To analyze target-date funds using a simple model, we consider an investor who can invest in two assets, the stock market and a real riskless asset. The investor's horizon is K years, and his utility for end-of-horizon wealth WK is given by WK1A/(1A). The investor commits at the outset to a predetermined investment strategy in which the stock allocation evolves linearly from the first-period allocation w1 to the final-period allocation wK. The investor solves for the values of w1 and wK within the (0,1) interval to maximize expected utility. The investor assumes that the conditional expected stock return at the beginning of each horizon, μT, is equal to the unconditional expected return Er, while treating Er as uncertain. This specification removes the effect that a nonzero value of μTEr would have on the investor's desired pattern of stock allocations over the investment horizon. We solve the problem numerically, setting relative risk aversion A to eight and the riskless real rate to 2% per year.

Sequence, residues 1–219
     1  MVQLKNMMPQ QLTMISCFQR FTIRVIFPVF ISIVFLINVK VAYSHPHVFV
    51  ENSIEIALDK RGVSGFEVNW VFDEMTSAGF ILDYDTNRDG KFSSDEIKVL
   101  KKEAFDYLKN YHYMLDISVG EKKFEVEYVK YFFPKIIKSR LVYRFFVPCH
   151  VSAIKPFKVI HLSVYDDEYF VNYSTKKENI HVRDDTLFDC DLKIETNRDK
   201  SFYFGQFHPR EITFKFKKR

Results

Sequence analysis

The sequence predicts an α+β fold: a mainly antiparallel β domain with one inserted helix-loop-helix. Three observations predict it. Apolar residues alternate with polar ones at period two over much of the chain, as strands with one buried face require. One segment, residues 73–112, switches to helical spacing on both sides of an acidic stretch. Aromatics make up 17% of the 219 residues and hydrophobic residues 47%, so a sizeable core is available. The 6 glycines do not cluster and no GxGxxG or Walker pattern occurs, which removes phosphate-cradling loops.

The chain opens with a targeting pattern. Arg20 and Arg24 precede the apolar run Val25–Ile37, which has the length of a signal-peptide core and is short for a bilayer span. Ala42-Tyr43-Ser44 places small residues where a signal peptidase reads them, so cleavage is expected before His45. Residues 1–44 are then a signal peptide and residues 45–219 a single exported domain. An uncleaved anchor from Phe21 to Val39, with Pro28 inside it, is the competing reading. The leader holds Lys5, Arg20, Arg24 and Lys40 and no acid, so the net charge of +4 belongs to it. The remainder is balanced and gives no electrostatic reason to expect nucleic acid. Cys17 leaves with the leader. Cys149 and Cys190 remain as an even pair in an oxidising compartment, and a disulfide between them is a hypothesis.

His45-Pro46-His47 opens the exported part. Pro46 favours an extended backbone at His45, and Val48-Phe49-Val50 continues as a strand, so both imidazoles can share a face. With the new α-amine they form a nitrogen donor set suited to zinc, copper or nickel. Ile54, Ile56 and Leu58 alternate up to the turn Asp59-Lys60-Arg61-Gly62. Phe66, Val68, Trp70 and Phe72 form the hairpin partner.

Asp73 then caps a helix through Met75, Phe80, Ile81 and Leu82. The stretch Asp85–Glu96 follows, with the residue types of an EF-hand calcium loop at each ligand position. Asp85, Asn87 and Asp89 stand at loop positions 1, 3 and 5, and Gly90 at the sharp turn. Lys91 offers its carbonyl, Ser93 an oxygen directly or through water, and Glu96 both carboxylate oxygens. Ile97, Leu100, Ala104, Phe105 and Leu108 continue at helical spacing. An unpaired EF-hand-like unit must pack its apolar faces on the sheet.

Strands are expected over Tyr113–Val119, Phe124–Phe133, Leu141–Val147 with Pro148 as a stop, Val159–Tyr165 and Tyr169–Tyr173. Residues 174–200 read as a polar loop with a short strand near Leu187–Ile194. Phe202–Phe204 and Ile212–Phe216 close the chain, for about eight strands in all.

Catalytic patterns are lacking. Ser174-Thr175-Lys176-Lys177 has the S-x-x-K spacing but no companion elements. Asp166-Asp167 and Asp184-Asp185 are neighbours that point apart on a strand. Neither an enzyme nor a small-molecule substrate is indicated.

Target-date funds are often motivated by arguments related to human capital and labor income. A typical argument goes as follows.25 Human capital is bond-like as it offers a steady stream of labor income. Younger people have more human capital because they stand to collect labor income over a longer time period. Younger people thus have a larger implicit position in bonds. To balance that position, younger people should invest a bigger fraction of their financial wealth in stocks, and they should gradually reduce their stock allocation as they grow older.

We consider two frameworks that differ in their treatment of labor income. In the first framework, presented in Section VIII.A, the investor invests an initial nest egg and does not invest additional savings from any labor income. In the second framework, presented in Section VIII.B, the investor also saves a fraction of his labor income. Both frameworks lead to the same conclusions regarding the effects of parameter uncertainty on the stock allocations of long-horizon investors.

A. No Savings from Labor Income

In this section, we assume that the investor derives no savings from any labor income. The investor simply begins with initial financial wealth W0, which subsequently evolves as follows: